Looking for "More fluid like a text editor" issues


#1

For some of you FoldingText for Atom doesn’t give you the same feeling of fluid freedom that a plain text editor gives you.

I’d like to start to address this, but I need more feedback on what you think a solution will look like.

I’ve created a More Like a Text Editor milestone to track related issues. If this interests you then please:

  1. Read though the existing issues that I’ve created

  2. Make comments on those issues… good solution, bad solution, needs some tweaks?

  3. Create new issues for anything else about FoldingText for Atom that you think is making it feel more constrained then what you’d like.


#2

Thanks, Jesse! This was a big concern for me with the new betas.


#3

Quick thought:

At every level of scale (minutes to months) there’s a continual alternation between two thinking and writing modes:

  • fluid and unconstrained generation
  • rigorous and structured organisation

( people vary a bit in which they tend to start with, but we’re all moving back and forth between them all the time )

in the collection/generation/splurge phases of these alternating waves, we really want no technical distraction whatsoever – and your various widget-free text interfaces, from TP onwards, have been exceptionally good for this, and had a kind of magic. Wow … just typing here … but look ! it seems to get my structure …

Meanwhile in the structuring/editing/shaping phases of these waves, we appreciate power and some help with structuring. At this point, things like restructuring a fluidly generated nesting of hashes and bullet points can feel a bit of a mess. More outlining power makes it all simpler and quicker, and easier to understand. (No more fiddly counting of hashes, adjusting their number, and finding that we’ve got it wrong).

So perhaps one way of thinking about a goal might be to:

  1. aim towards completely non-modal (purely text UI) entry for the generation phases of our bursts of thought (leading # to flag a header, leading hyphen to flag a bullet @key(value) to grab a date or tag, > to start a quote etc etc)
  2. and keep the special outlining selections, and all their wonderfully powerful drag-drop, hoisting and folding, and querying power in reserve for when they will most be appreciated - in the structuring, editing, reshaping and searching phases.

It’s a curious thing … the modal route to (for example) setting a paragraph type or tag often involves fewer keystrokes, but it turns out that the simpler model (and smaller burden on memory) of a text interface feels much more fluid and friction-free.

On the other hand, after all that fluid generation, the nesting and counting of hashes and indented bullets, and changing our mind about heading levels can feel like a bit of a mess in pure MD. Its at that point that one wants to have some power-tools on the workbench … Automatic heading levels by indentation, drag and drop restructuring, hoisting and filtering and and reshaping and getting an overview.

in short it would be good to be able to:

  1. stay entirely in text UI as long as one wanted to, with no need to reach for a mode switch at all for typing and entering meta-data, and then
  2. step back and reach for all the modal power-tools when one needs them for overview, focus-shift, and reshaping.

#4

Rob expressed perfectly what I would like to see. UI out of the way while getting text down, then I really appreciate the new additions to FT for Atom during the organization and restructuring phases.


#5

I’m generally happy with the more traditional outlining functionality in FoldingText for Atom. However, there’s one thing in OmniOutliner that I like. The outlining nodes can have an optional note field where you can write text in a more typical text editor manner. I use it when I want to paste some else’s text that is related to the issue, put code snippets there and so on. For instance, if I paste a script to FoldingText for Atom, each line becomes a new outlining node. It’s not very useful in my opinion. With OmniOutliner you can put that code and other related stuff in the note area. The mind map application iThoughts and OmniFocus, etc, have a similar note area where I can paste all kind of stuff and which works like a more traditional editor.’

Example from OmniOutliner:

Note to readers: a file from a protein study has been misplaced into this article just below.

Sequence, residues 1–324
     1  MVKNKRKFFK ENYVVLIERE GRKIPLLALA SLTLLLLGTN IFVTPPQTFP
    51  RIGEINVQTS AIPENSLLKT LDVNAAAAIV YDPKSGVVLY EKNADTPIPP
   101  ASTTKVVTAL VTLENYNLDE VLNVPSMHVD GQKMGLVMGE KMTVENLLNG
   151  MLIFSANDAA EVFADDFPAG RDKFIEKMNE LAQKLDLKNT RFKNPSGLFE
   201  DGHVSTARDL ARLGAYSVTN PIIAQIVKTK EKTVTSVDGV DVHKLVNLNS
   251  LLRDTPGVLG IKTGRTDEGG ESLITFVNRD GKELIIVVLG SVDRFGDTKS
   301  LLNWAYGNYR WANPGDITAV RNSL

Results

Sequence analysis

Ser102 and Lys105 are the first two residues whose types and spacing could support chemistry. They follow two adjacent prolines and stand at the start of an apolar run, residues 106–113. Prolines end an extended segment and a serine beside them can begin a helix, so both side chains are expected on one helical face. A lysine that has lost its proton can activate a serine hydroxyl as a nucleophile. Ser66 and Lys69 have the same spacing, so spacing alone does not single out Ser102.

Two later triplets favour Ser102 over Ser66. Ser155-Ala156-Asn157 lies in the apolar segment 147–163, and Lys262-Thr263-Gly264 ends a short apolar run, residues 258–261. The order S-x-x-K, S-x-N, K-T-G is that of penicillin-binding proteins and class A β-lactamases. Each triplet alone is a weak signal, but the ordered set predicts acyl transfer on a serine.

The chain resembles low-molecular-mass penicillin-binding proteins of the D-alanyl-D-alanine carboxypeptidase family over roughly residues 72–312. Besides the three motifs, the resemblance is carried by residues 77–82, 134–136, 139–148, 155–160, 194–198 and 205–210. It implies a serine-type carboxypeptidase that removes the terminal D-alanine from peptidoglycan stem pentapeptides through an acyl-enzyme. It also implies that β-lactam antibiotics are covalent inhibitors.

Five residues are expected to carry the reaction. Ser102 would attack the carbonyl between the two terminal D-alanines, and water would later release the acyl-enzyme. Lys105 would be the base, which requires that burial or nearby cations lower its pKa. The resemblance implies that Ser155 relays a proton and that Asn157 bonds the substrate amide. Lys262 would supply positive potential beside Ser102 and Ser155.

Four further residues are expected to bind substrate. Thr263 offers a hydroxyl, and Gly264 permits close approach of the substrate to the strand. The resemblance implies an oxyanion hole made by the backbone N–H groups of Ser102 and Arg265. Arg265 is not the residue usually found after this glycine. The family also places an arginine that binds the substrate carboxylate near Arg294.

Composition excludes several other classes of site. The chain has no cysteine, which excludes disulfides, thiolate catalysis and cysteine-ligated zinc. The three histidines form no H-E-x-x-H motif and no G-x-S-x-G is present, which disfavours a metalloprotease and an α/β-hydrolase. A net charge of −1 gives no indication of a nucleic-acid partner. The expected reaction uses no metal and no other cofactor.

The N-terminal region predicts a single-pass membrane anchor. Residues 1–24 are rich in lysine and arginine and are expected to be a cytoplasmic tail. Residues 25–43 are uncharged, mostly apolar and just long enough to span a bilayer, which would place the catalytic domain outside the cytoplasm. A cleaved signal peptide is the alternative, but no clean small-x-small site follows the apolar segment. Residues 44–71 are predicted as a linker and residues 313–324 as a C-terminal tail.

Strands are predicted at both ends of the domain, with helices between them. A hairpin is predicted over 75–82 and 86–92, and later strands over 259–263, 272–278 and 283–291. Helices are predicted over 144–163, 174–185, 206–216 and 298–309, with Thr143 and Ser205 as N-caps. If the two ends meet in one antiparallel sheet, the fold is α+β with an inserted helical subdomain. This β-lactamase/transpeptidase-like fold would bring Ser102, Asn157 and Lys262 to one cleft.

#6

Use Atom to support two ‘views’ ?

FT2 is already often used in a dual view mode:

  • a Marked.app window to one side,
  • the FT text UI on the other.

Not a bad way to work, but a major weakness:

  • We can’t do any direct editing outlining or rearranging in the Marked.app view

With Atom already supporting text-editing views, and with FT2’s MD --> nodeTree parser code already there, I wonder if there is an evolutionary path from the old pattern:

  • Static (non-editable) HTML preview, +
  • fluid text entry
  • with one-way traffic (text --> html only)

to a new one:

  • Editable [H|FTML] with outlining power, +
  • fluid text entry,
  • with two-way traffic:
    • (F|HTML outline edits update the plain text MD translation, and
    • edits to the MD text version can also update the HTML outline ?

I have to say that I would quite like to work that way : - )

( if it were remotely possible )

(Like MS Word outline view vs paragraphs view, but a lot more fluid, appealing and innovative, and with tags, dates, filtering and querying)


#7

Style toggle outline view ⇄ [no hidden triangles or indent lines] ?

A minor thing, possibly within reach of CSS and some stylesheet toggling, but I notice that in quick and unconstrained drafting mode (rather than in stepping back and restructuring or planning modes), I like to make even the disclosure triangles and indent lines invisible.

Possibly one element of view switching ?

(a quick css switch ?)


#8

Toggling between draft and organise/outline modes – also toggle animation ?

For what its worth, I notice that in a purely textual harvesting of thought, I like the simple responsiveness of text without animation

but the animation is quite pleasing in an outlining mode.

Perhaps an option to toggle style-sheet and animation status together ?


#9

I’m unlikely to add this as implemented by OmniOutliner. At least not util I work more on FoldingText’s basic outline. For me those inline notes that some outliners have always broke the simple outline model for me… then all of the sudden you have text in your outline that you can interact with in the same way that you interact with the rest of your outline…

With that said it would be easy to add a separate notes “pane”. That is a text area off to the side of the outliner where you could view/edit notes attached to the selected outline item.

And maybe longer term I’ll change my mind about notes, but…

My goal is that you’ll be able to edit the normal outline in a more typical text editor manner… want to work towards that first.


#10

@complexpoint Thanks for all the good ideas in this thread. I think they are most all worth exploring.

I’ve spent the last week working on some buggy issues with Windows, but am now getting back into the core outliner code where I’ll begin thinking about these things again.


What's going to become of TaskPaper?
#11